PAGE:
This article is about Melanie Mitchell’s book, Complexity: A Guided Tour. This book is readable, understandable book about an important new subject.
This post is still in very rough shape, to say the least. It is basically just a set of notes that I took on the book when I read it. You might be able to get something out of these notes with a bit of struggle though. I apologize. I’ll get back to whipping this post into more readable shape just as soon as I can find the time to do it. This blog is new, and there is currently more work than I can deal with. Thanks for your patience.
Reductionism does not work with complex systems.
Reductionism: the whole is the sum of the parts
Complexity: the whole is more than the sum of the parts
Ant colonies, evolution, immune system, weather, climate, brain, global economy, are all complex systems.
The Santa Fe Institute
Computation is much deeper than just computer stuff.
Douglas Hofstadter: Godel, Escher, Bach. Ant colonies compared to brains.
Brain: how can dumb neurons lead to consciousness: emergence
In economies, how can buying and selling lead to an equilibrium state of price / quantity: market efficiency.
Common properties of complex systems?
- Self organizing: Small mechanical pieces with no central control leading to complex collective behavior. Emergence.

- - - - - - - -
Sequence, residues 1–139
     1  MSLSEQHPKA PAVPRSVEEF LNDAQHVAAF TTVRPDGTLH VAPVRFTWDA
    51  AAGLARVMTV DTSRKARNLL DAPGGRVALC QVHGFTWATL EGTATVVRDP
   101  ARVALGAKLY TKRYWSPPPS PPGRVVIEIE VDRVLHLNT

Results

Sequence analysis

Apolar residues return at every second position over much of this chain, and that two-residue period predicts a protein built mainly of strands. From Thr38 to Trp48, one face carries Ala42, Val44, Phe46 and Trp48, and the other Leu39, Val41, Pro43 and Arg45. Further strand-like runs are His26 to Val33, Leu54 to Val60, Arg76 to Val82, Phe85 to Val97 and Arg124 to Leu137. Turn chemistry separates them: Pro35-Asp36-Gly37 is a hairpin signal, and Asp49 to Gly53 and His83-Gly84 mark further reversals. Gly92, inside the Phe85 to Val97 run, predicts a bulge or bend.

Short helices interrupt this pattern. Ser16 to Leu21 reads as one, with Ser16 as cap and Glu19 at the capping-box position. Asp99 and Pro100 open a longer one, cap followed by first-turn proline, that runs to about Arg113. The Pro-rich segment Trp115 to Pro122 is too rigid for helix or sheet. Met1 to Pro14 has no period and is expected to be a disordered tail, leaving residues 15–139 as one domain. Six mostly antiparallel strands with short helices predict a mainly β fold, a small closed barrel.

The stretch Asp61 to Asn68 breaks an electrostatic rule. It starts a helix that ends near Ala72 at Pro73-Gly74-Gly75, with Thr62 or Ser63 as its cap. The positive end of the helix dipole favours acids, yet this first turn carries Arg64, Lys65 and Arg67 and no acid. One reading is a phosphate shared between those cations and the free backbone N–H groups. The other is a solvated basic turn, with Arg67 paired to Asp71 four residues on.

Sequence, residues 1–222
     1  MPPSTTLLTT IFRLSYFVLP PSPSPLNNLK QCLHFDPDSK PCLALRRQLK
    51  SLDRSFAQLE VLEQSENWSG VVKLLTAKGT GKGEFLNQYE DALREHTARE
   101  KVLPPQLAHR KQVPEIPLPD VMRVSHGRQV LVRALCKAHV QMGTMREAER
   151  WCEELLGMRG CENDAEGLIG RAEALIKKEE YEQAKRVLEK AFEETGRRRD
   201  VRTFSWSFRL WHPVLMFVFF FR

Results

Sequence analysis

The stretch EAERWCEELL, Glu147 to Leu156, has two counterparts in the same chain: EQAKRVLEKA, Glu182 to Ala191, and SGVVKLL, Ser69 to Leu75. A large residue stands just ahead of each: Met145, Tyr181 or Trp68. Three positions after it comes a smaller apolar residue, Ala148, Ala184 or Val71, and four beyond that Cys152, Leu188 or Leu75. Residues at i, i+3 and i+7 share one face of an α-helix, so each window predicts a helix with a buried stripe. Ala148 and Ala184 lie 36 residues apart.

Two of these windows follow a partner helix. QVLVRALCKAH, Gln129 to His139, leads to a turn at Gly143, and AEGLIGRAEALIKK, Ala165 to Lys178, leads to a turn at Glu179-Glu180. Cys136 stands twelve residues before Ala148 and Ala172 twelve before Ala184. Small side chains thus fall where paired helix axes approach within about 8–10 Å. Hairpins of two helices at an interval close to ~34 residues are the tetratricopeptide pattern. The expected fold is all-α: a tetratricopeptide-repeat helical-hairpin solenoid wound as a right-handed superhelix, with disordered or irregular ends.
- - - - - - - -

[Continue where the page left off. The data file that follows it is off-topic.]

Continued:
- Signaling and information processing
- Adaptation via evolution: change behavior to improve chances of survival
Dynamics are about systems that are changing
Galileo: the first to use experiential, experimental science.
Newton invented the science of dynamics and calculus which about change
Mechanics: the general study of motion.
Newton’s work was classical dynamics.
Newton’s famous three laws:
- Constant motion: object not subject to force moves with unchanging speed.
- Inertial mass: the force to move an object is inversely proportional to mass of object
- Equal and opposite forces: If A exerts force on B, then B must exert equal and opposite force on A.
Newtons law of gravity: G between two objects = M1 x M2 / D squared
Newtonian classical mechanics lead to the idea of a Clockwork Universe
Simon Laplace on Newton: If you know the position and velocity of every particle of the universe you can predict everything for all time.
[Ron says this mechanistic view of the universe lead to a century in which there were no great achievements in science, art, literature or anything else. Probably political equality was an exception.]
Perfect prediction had to be given up
- Heisenberg’s uncertainty principle: You cannot know position and momentum at the same time (M x V)
- Chaos theory: “Sensitive dependence on initial conditions.” This applies only to complex or chaotic systems. In some parts of the natural world this doesn’t apply; sometimes small uncertainly in initial conditions don’t matter. Continue at location 417
This article is still in progress. It will be finished soon.